You are one with the gods.” —Goethe, Faust
Eager to die within himself in the here and now during chemical coitus, wishing to destroy Mephistopheles, he exclaims:
“Arrows, pierce me,
Lances, hit me,
Cudgels, smash me,
Lightnings, strike me,
That all the valueless
And love’s eternal star
Without question this inspired bard possessed marvelous intuition; if he had rediscovered himself exclusively in one woman, if he had found in her the secret path, if he had worked with her throughout his life in the Ninth Sphere, obviously he would have attained final liberation.
In his Faust, he expressed his belief with great precision in the possibility of the elevation of the liberated Golden Embryo to a super-soul (the superior manas of Theosophy). When this happens, the aforementioned theosophical principle penetrates us and, fusing with the Golden Embryo, passes through extraordinary inner transformations; it is then said of us that we are humans with soul. At this stage, we reach mastery, adepthood, and become active members of the esoteric brotherhood. This does not mean perfection in the fullest sense of the word. The divine and human know well how difficult it is to reach perfection in mastery.
While on this subject it is imperative to know that such perfection can only result after fulfilling profound esoteric tasks in the worlds of the Moon, Mercury, Venus, Sun, Mars, Jupiter, Saturn, Uranus, and Neptune.
At any rate, the incarnation of the human soul (third aspect of the Hindustani Trimurti known as Atman-Buddhi-Manas) within us and its blending with the Golden Embryo is an extraordinary cosmic event that radically transforms us.
The incarnation of Superior Manas within us does not imply the entrance of Atman and Buddhic principles into our organism. This last matter concerns the subsequent work about which we shall speak in depth in our future book entitled The Three Mountains.
After this small digression from the subject essential to the matter at hand, we continue with the following tale:
Long ago, something unusual and unwonted happened to me along the path of life. One night while involved in very interesting esoteric work out of my physical body with the eidolon, I approached the gigantic city of London.
I clearly remember that when I passed a certain place in that metropolis, I was able to perceive with mystical amazement the radiant yellow aura of a certain intelligent young man standing on a corner.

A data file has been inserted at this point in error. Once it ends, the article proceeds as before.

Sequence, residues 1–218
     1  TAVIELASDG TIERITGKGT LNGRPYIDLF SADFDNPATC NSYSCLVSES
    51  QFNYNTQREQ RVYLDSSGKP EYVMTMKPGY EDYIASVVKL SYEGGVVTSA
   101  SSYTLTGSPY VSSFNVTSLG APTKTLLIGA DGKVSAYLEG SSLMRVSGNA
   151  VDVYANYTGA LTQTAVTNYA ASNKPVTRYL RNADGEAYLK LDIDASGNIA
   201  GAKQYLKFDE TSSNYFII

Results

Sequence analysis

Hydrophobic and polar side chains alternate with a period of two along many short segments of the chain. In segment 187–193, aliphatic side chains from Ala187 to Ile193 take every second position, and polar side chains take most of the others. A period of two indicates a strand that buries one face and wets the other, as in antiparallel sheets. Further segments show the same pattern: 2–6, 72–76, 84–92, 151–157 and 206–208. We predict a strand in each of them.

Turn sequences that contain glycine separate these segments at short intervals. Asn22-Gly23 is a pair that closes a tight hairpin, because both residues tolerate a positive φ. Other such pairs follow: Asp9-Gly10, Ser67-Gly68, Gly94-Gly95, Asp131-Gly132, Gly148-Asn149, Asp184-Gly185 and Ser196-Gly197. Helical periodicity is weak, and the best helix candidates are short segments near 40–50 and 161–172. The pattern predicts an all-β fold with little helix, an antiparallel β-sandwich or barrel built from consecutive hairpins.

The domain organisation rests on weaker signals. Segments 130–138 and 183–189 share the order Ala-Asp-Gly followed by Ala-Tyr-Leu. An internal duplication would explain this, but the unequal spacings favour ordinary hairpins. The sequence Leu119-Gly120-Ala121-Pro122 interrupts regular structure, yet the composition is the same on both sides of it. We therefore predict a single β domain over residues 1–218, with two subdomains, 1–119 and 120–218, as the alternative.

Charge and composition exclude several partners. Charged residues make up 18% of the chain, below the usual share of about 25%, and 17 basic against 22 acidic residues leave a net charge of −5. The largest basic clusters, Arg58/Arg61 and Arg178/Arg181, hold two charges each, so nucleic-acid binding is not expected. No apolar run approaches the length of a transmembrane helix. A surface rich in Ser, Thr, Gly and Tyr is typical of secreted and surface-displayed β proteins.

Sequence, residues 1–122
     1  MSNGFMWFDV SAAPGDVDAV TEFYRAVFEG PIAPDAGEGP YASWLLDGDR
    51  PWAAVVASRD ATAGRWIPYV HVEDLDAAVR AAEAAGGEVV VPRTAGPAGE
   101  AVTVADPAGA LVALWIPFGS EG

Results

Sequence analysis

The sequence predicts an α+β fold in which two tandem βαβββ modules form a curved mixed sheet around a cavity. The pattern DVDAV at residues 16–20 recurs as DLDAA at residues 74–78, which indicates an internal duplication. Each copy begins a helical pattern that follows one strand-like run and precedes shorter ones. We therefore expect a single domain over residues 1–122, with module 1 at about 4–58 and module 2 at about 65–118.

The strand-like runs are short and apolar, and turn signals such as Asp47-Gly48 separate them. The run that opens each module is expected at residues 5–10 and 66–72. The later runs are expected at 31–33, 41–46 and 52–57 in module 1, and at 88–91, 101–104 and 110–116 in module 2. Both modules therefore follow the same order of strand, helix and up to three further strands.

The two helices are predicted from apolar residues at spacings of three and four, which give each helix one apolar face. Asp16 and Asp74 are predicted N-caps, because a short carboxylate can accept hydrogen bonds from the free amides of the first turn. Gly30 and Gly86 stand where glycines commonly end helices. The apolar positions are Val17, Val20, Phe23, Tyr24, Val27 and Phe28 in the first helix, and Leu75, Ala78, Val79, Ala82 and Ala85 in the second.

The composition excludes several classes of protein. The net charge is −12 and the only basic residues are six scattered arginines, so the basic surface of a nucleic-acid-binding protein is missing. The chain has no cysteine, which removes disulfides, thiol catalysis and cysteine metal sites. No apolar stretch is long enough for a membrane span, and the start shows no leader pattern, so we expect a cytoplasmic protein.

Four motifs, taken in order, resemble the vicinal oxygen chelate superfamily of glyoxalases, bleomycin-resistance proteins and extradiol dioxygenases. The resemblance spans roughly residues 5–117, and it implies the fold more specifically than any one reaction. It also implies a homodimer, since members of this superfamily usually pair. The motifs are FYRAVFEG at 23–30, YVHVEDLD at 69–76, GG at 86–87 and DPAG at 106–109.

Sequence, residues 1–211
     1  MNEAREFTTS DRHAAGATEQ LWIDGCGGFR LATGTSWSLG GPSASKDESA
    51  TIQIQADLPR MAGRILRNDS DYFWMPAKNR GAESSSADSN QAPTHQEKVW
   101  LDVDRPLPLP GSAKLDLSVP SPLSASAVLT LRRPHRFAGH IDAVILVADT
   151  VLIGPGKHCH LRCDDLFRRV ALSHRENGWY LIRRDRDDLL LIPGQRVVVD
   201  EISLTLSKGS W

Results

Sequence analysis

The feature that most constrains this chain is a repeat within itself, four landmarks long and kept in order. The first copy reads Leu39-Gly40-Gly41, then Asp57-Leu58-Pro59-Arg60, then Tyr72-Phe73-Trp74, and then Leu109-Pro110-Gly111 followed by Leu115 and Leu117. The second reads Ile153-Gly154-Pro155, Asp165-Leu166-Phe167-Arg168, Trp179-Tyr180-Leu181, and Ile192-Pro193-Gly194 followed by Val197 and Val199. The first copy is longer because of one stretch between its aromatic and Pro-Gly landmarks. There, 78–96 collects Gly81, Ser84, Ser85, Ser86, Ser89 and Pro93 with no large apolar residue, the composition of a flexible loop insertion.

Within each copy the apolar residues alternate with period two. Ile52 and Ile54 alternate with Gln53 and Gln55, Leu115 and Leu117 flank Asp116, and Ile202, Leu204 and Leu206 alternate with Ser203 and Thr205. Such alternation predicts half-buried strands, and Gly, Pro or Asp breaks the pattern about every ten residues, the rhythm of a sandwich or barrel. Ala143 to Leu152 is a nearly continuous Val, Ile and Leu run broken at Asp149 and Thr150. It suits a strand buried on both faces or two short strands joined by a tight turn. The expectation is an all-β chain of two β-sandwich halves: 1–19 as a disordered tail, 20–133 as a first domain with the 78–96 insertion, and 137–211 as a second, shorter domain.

Entering a very elegant cafe in the metropolis and sitting at a table, I remarked on the aforementioned event to a rather aged person who was slowly savoring the delicious contents of a cup of some Arabic drink.
Suddenly something unexpected happened, a person approached and sat next to us; upon careful observation, I was able to verify with great astonishment that it was the same youth with the shining yellow aura, who moments before had surprised me. After the usual introductions, I became aware that this person was none other than he who in life had written Faust; I refer to Goethe.
In the astral world, wonderful events happen, extraordinary marvels. It is not unusual to run into disincarnated people there, personages like Victor Hugo, Plato, Socrates, Danton, Moliere, etc.
And so, clothed in the eidolon, I wanted to talk with Goethe outside of London, by the shore of the vast sea. I invited him, and obviously he would not decline such an invitation.
Talking together on the coast of that great island Britain where the English capital is situated, we saw some sanguine colored mental waves floating towards us upon the stormy ocean. I explained to that young man with the radiant aura that those mental forms were coming from a certain lady in Latin America who desired me sexually. This caused us a certain trace of sadness.
The stars glittered in infinite space, and the furious waves raged terrifyingly, incessantly pounding the sandy shore.
Talking on the steep cliffs by the sea, he and I exchanged ideas. I resolved to ask the following question, point blank, as we say here in the physical world: “Do you have a new physical body now?” The reply was affirmative. “Is your present vehicle masculine or feminine?”
He then answered, “My present body is feminine.”
“In which country are you incarnated?”
“Do you love anyone?”
“Yes,” he answered, “I love a Dutch prince, and I am thinking of marrying him on a certain date.” (The reader must excuse us for not mentioning the date).
“I thought that your love would be strictly universal,” I said, “love of the rocks, the mountains, the rivers, the seas, the bird which flies and the fish that glides through deep waters.”
“Is not human love a spark of divine love?” This kind of questioning reply from the one who in his past reincarnation was called Goethe certainly left me overwhelmed, perplexed, amazed. Undoubtedly, the distinguished poet had told me something irrefutable, incontrovertible, and correct.
This chapter is from The Mystery of the Golden Flower (1971) by Samael Aun Weor. The print and ebook editions by Glorian Publishing (a non-profit organization) include features like illustrations, footnotes, glossary, and index.